When you first got together, what did the word “commitment” mean to you?
It’s a multifaceted concept, and if you got married decades ago, you may not have thought much about it. Many of us took our vows without reflecting much on the pledge we were making. That’s because marriage was generally seen as a given – not a choice we made after mulling a full range of options.
If you’re a member of Gen X or younger, you may have heard the notion that you and everyone your age is afraid of commitment. I don’t agree. Instead, I think couples of all ages now view commitment as something very serious that is negotiated and renegotiated over time.
DOING “SLOW LOVE”
One study shows that younger couples hope to create balanced relationships governed by mutual respect, whether or not they marry. They came of age in a time when marriages were becoming more fluid, with both parents working. Many endured the divorce of their parents and then lived with one or more new couples who eventually married or split up.
If this describes you, then you may wonder if it’s even possible to have an enduring marriage with mutual trust. This means you might feel unready to jump right in – preferring what many couples therapists are calling “slow love.”
Slow love gives us time to have many lovers, including friends with benefits, even live with different partners before we consider marriage. This is the way we can address our fears and learn directly from our experiences of commitment in all its different forms. It doesn’t mean we’ll never marry. It means we want more self-understanding and relationship experience first.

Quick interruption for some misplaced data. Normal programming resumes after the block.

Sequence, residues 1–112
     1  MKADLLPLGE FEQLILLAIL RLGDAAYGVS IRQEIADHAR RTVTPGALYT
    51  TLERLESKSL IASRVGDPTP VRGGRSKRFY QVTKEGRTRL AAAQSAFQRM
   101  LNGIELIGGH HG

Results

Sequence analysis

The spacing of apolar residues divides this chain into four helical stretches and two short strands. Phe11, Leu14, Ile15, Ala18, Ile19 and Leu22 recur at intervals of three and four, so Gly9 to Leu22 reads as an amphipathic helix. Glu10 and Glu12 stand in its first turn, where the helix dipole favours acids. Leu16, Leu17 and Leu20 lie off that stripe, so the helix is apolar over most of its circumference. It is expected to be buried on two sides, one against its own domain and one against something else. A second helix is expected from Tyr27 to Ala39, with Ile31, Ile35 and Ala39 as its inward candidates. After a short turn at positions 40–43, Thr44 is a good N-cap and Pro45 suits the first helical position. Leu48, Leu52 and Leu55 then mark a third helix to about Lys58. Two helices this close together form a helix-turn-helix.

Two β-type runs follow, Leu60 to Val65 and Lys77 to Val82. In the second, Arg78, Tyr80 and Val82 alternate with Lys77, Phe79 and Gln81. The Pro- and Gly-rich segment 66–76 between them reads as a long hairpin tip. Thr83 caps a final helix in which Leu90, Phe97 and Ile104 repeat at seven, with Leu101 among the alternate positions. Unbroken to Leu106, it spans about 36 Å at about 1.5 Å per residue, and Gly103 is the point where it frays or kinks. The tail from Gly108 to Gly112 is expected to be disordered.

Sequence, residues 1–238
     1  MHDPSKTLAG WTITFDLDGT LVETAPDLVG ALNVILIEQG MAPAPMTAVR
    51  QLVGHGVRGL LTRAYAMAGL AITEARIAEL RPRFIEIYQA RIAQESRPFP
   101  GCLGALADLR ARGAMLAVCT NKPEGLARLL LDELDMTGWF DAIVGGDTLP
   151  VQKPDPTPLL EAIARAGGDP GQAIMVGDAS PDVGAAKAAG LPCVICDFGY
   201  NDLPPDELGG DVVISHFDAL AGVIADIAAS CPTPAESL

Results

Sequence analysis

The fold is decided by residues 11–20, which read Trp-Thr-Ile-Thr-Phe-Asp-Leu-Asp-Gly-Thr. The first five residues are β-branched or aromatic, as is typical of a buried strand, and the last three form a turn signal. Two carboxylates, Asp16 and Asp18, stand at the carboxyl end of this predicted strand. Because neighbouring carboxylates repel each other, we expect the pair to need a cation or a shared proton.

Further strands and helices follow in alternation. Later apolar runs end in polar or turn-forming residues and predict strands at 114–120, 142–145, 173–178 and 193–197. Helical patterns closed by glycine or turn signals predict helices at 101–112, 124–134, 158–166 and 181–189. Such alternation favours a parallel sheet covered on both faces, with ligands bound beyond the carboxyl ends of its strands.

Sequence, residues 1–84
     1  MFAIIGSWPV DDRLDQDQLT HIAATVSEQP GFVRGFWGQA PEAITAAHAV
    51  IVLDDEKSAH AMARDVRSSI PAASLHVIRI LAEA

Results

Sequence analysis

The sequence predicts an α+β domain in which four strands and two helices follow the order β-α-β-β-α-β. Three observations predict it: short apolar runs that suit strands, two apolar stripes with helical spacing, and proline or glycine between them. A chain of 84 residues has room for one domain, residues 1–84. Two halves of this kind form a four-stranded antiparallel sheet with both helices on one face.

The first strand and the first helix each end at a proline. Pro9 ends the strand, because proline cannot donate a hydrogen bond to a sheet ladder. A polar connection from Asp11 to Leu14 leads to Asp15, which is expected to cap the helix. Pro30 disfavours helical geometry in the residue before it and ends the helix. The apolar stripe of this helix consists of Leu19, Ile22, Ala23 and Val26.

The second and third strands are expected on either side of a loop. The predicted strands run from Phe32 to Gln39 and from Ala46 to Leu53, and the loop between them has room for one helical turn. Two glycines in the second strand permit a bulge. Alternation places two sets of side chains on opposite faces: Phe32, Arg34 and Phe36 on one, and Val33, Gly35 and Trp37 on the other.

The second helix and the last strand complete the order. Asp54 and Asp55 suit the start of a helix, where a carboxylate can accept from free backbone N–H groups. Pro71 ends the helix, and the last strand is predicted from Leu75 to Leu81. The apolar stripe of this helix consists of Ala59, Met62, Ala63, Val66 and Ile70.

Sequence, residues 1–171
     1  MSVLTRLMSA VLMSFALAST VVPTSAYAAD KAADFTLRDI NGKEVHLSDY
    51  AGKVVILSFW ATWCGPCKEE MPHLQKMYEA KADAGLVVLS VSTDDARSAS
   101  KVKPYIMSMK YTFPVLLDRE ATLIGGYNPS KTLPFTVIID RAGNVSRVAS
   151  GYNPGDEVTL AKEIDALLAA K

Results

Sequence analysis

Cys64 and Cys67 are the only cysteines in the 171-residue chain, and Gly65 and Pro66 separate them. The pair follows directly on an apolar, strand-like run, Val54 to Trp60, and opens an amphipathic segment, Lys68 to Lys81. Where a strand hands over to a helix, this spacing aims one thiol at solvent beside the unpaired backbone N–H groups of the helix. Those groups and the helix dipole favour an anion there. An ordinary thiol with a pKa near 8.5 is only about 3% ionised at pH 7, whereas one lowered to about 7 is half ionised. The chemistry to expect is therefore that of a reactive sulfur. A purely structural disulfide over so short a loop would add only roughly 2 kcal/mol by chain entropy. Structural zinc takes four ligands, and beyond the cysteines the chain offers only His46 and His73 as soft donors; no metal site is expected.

RENEWING YOUR COMMITMENT OVER TIME
Whether you’re young and wondering about marriage or eyeing a second or even third union, it helps to think of commitment as an ongoing thing. Some couples can identify the rough patches that caused them to recommit to each other in a big way. I believe that the happiest couples realize they need to renew their love and commitment to one another every day.
Keep in mind that you cannot foresee all the tough times you will face in your marriage. This means being ready to go deeper with your partner – essentially bringing more love, energy, and commitment to the situation as challenges rise up.
It’s all right to be cautious in thinking about commitment. Listening to people who tell you that you “should be ready” will only make it harder for you to hear your own authentic voice.
At the same time, if you let your fears take over, you might miss out on the joy and strength gained from being in a committed relationship. So listen to yourself and each other, and help each other through the fears. We all have them, and it’s so much easier when we take them on together.
As an experienced couple’s counselor, I have worked with hundreds of couples who were seeking answers about marriage, love, and commitment. Working with a seasoned therapist can enrich your conversation and create a new sense of closeness and mutual support.
If you’d like to discuss commitment or any other issue in your relationship, get in touch with me today.